The law gives prosecutors three ways to prove this:

  • Impaired faculties
  • Blood test over 0.08% blood alcohol content (BAC)
  • Breath test over 0.08% BAC

If an officer observes a driver violating traffic laws, the officer does not need a blood or breath test to prove impairment. But since bad driving is subjective, prosecutors usually prefer a blood or breath test to back up the DUI charges.

If the blood or breath test shows a BAC over 0.08%, the driver has committed a DUI, even if they did not commit any moving violations. A BAC over 0.08% usually means an automatic conviction for the driver.

Penalties for DUI in Florida

The penalties for DUI in Florida have several parts, including:

  • Incarceration
  • Fine
  • Ignition interlock device
  • Probation
  • Substance abuse treatment
  • Vehicle impoundment
  • Driver’s license suspension

The severity of each of these penalties depends on several factors. But the number of prior offenses will have the greatest influence on the sentence.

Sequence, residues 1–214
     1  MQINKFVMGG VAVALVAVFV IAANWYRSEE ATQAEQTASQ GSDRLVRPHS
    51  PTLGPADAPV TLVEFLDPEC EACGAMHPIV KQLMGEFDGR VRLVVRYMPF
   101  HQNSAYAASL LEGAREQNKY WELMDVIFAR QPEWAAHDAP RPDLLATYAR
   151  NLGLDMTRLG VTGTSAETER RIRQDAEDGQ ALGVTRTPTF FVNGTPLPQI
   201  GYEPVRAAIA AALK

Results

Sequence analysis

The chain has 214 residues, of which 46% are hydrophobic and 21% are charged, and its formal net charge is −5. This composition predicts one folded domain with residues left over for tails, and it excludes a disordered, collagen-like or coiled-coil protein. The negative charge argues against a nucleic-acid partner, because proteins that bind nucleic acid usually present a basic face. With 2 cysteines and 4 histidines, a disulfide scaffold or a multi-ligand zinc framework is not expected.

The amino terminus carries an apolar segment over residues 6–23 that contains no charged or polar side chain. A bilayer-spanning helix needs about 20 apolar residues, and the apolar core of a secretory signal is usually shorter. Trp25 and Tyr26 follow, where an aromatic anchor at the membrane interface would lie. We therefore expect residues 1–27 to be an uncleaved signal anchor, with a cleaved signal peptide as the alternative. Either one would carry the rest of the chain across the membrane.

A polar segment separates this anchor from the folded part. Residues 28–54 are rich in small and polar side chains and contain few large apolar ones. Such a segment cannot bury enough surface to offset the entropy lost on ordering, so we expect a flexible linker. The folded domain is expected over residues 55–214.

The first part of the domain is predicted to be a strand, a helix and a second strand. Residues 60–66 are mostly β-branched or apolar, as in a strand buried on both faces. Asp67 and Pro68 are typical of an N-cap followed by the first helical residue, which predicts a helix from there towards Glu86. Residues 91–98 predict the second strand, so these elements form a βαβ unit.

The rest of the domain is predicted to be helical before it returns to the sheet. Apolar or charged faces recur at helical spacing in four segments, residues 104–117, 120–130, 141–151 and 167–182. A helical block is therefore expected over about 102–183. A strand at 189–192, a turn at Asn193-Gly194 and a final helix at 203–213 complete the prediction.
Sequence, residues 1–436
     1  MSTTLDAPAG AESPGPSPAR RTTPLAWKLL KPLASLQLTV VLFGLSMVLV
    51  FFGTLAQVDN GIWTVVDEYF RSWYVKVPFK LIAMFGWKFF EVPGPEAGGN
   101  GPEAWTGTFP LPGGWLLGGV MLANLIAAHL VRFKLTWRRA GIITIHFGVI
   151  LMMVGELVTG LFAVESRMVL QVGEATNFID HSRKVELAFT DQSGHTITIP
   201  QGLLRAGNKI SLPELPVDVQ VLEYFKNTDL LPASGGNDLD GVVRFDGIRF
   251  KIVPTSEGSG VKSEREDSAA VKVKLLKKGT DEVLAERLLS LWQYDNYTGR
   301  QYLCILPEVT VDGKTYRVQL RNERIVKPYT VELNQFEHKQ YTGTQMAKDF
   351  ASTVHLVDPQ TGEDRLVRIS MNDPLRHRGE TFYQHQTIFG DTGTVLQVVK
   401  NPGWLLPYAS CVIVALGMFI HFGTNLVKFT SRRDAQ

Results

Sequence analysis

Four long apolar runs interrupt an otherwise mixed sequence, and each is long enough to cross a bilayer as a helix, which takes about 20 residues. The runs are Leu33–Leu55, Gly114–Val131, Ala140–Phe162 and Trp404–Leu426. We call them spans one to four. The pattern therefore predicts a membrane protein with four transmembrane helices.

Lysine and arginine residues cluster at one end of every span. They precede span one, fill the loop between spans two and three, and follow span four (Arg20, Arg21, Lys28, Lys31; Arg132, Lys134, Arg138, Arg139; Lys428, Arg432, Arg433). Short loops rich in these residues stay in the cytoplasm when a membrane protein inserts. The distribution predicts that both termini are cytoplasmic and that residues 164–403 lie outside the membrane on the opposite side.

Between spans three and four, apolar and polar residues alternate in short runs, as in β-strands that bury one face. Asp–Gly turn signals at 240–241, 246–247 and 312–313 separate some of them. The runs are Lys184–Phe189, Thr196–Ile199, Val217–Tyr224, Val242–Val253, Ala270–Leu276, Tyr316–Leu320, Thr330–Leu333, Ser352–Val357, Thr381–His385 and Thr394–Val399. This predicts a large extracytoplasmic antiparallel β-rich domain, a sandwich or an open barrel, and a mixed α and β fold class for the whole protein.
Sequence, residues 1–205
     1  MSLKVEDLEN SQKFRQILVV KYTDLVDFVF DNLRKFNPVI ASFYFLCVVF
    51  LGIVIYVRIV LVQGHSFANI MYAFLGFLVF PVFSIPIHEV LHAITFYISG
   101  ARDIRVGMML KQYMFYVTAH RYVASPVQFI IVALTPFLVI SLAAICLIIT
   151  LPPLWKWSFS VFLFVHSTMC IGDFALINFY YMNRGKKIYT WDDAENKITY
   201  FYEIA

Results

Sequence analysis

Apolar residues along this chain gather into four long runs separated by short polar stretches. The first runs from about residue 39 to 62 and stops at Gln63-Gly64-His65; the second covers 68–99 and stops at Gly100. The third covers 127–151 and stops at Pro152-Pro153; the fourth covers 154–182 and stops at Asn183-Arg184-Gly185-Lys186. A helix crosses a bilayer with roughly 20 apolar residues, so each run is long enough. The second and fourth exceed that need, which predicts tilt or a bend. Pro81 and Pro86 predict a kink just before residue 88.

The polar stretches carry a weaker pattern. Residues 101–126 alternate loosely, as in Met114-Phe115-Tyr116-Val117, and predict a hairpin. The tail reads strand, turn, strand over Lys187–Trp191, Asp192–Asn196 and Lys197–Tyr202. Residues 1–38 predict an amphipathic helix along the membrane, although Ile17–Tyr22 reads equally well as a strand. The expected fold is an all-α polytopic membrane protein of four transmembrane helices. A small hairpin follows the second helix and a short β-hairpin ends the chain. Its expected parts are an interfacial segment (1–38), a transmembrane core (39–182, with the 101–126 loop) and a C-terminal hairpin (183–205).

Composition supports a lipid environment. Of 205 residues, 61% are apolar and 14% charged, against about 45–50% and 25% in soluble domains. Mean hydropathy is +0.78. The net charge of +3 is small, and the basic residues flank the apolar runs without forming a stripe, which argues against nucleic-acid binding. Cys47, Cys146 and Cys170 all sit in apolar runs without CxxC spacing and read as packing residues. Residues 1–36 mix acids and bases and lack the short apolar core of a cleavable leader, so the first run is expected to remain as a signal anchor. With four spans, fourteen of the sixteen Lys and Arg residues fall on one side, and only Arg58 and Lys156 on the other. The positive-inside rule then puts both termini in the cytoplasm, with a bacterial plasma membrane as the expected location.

First Offense

For a first offense, the court can sentence a driver to up to six months in jail and issue a fine between $500 and $1,000. If the driver’s BAC exceeded 0.15% or the driver had a child in the vehicle, the judge can increase the sentence to up to nine months in jail and a fine between $1,000 and $2,000.

The offender’s driver’s license will be suspended for at least 180 days for a first offense.

The vehicle used in the DUI will be impounded for 10 days, unless the vehicle is the family’s only source of transportation.

Finally, the court will require the driver to undergo a substance abuse evaluation and complete drug or alcohol treatment. Attending treatment is usually a condition of probation after the driver is released from jail.

Second Offense

A court can sentence a driver to up to nine months in jail and a fine between $1,000 and $2,000 for a second offense. If the driver’s BAC was over 0.15% or a child was riding in the vehicle, the judge can increase the sentence to up to 12 months in jail and issue a fine between $2,000 and $4,000.